Leander Paes – Born to Greatness

Leander Adrian Paes was born to be an Olympian. His mother represented the country at basketball while his father Vece was a member of the Indian hockey team that won the bronze medal in the 1972 Munich Olympics. Sport was clearly in his blood. Twenty four years later at Altanta he emulated his father in wining bronze at the Olympics – the first Indian individual medal since wrestler Kashaba Jadhav’s bantamweight bronze at the Helsinki Olympics in 1952.

The greatness of Leander’s achievement is that it was unexpected. He was after all not even in the top 100 of the ATP rankings on the eve of the Olympics so how did he pull it off? It may sound too good to be true in this day and age of cynicism but the fact is that Leander is being totally honest when he says over and over again that it is playing for the country that inspires him. Indeed he has no really notable achievement in singles on the ATP tour or in Grand Slam events. But when he has the country’s flag flying besides him Leander is as a man possessed.

Even the world’s best can’t stand in the way of such fierce patriotism. Just ask Jeremy Bates, Wayne Ferreira, Arnaud Boetsch, Goran Ivanisevic, Jacob Hlasek and Henri Leconte among some leading names. These are some of the much higher ranked players that Leander has shocked in Davis Cup play. Leander first took part in the Olympics at Barcelona in 1992 when he and Ramesh Krishnan paired to reach the quarterfinals of the doubles when they lost to Croats Ivanisevic and Goran Pripic in a close match over four sets. Thus they narrowly missed getting a bronze.

The Indian pair had earlier caused the biggest upset of the event when they stunned top seeds Todd Woodbridge and John Fitzgerald of Australia in the second round. Leander’s moment in the sun came four years later at Atlanta. The path to a medal had a somewhat fortuitous beginning. Up against No 11 seed Richey Reneberg in the first round it was one set all when the American retired with a hamstring injury after dropping the opening game of the decider with the overall score being 6-7, 7-6, 1-0.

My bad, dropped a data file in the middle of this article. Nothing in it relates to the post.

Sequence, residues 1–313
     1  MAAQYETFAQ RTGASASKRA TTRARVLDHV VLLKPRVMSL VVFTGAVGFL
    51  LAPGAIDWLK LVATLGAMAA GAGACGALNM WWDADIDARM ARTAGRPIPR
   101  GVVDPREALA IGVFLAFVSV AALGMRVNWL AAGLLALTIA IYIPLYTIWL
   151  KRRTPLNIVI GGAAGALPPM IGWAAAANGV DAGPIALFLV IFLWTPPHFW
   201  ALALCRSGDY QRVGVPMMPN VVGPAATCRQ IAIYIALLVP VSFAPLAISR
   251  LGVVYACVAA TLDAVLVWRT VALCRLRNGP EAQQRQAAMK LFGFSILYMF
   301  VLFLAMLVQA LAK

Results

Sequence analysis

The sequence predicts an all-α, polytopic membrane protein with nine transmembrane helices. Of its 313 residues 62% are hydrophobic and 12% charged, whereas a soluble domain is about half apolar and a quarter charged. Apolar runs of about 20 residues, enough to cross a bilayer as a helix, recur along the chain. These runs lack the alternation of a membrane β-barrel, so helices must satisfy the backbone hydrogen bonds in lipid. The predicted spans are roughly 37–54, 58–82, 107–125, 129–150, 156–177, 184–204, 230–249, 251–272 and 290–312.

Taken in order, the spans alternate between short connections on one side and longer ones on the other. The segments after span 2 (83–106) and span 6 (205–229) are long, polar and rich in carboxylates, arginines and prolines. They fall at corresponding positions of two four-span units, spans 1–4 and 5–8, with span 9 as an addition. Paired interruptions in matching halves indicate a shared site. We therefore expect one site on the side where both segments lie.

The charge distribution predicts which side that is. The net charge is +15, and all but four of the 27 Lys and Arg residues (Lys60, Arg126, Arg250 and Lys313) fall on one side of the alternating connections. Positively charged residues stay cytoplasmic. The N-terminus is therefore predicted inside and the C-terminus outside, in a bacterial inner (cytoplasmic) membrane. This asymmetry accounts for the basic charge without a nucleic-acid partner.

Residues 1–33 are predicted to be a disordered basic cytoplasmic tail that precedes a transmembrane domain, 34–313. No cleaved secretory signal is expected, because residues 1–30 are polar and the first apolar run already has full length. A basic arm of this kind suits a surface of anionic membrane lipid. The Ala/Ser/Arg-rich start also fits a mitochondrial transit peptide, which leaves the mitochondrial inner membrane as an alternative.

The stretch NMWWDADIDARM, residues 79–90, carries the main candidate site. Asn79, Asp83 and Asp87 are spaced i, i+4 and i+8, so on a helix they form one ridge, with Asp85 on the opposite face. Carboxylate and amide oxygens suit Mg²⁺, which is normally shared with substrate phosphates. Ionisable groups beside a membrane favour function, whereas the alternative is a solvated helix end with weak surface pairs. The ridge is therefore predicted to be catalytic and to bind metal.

Nicolas Perreira of Venezuela was swept away in straight sets 7-5, 6-3 but then came the big test with Leander up against third seed Thomas Enqvist in the third round. However Leander got the better of the Swede 7-5, 7-6 and suddenly there was talk of him ending up with a medal. Till 1992 all semifinalists were assured of a bronze but it was different this time around. There would be a play-off match for the bronze between the losing semifinalists. After beating Italy’s Renzo Furian 6-1, 7-5 in the quarterfinals Leander found himself face to face against top seed Andre Agassi.

The American, winner of the Wimbledon singles title in 1992 was ranked third in the world while Leander was ranked 128. But to Leander these were just numbers. When it came to playing for his country he always let his heart rule his head. Agassi won 7-6 (6), 6-3 but this was no ordinary straight sets win. Leander showed typical fighting spirit to take the first to the tie breaker and Agassi had to fight every inch to get the better of his plucky opponent in 90 minutes. Now came the crunch match for what would be India’s first individual Olympic gold in 44 years.

Standing between Leander and the medal was Brazil’s Fernando Meligeni ranked 96th. Broken in the seventh and ninth games Leander lost the first set 6-3. But after that it was Leander all the way. Charging the net time and again and hustling his opponent into errors Leander took the next two sets 6-2 and 6-4 to keep his tryst with history giving his country their first medal after three barren Olympics. It was celebration time and Leander was given a tumultuous welcome when he returned home and proudly displayed